If you’re one of the eight out of ten Americans who will get a refund for the 2016 tax year, chances are you’ve already received your refund by now. And, naturally, when a big pile of cash lands in your lap, it’s natural to want to do something fun with it. And perhaps you can- after you’ve put the majority of the money where you need it the most.
Here are some smart ways to use your tax refund.
Save it for a rainy day
What would you do if you unexpectedly got hit with a $1,000 medical bill or car repair? It is estimated that seven out of ten Americans have less than $1,000 in savings. Experts suggest keeping six months’ worth of living expenses in an easy-to-access savings account at a financial institution such as Sandia Area. Setting aside an emergency fund can help you avoid going into debt when unexpected bills come up.
But if you’re carrying a lot of debt, think about starting a mini emergency fund of $1,000 for now so you can pay off more of what you owe.
Pay down debt
If unmanaged, credit card debt can get out of hand because it can exert downward pressure on your credit score and because the typical account has a relatively high interest.
Putting your tax refund toward high interest rate credit card debt can have an immediate impact. Your credit score may go up when you reduce your balances. And if you can manage to pay off one card entirely, you’ll be eliminating a monthly payment, which in turn can free up some funds for you to put towards other debt or to contribute to a savings goal.
If you find you still need more help tackling your credit card debt, rest assured you can turn to your friends at Sandia Area. You can transfer your high-rate credit card debt to one of our lower-interest credit cards. Most financial institutions charge a fee to transfer your balance,but we don’t! Plus, there’s no annual fee!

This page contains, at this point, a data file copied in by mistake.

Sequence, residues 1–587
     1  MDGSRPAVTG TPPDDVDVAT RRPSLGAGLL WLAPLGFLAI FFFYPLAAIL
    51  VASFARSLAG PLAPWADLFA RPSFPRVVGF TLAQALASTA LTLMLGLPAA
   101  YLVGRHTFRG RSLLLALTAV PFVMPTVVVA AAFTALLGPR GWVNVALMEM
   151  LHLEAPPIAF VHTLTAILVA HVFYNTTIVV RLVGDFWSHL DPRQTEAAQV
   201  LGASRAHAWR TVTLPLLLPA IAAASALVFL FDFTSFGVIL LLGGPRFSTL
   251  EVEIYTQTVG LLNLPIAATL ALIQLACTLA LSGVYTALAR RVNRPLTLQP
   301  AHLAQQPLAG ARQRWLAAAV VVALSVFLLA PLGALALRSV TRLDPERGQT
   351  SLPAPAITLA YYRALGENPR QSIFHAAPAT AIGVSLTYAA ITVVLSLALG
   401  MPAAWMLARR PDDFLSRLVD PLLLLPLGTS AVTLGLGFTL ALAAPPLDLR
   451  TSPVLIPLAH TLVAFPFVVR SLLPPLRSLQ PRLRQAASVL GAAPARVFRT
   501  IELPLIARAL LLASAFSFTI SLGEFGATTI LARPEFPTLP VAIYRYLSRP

Contribute to a retirement fund
If you’re like most people, your retirement savings could use a boost. Consider funneling that refund into your 401(k) plan by increasing your contributions, or put it in an Individual Retirement Account or IRA. Putting money into an IRA will reduce your taxable income for the year the contribution is made, making a refund next year more likely. Money put into a Roth IRA, on the other hand, won’t reduce your tax bill in the short term, but both contributions and investment gains can be withdrawn tax-free in retirement.
Change your withholdings
Of course, a big tax refund means you’ve been making an interest-free loan to Uncle Sam all year. Adjusting the amount of taxes withheld from your pay will put money in your wallet sooner. But don’t forget to do something smart with the extra cash- like increasing your retirement contributions or paying down debts a little faster.
Once you have used a majority of your refund responsibly, don’t forget to set some aside and treat yourself to something nice.
« Return to "Articles of Interest"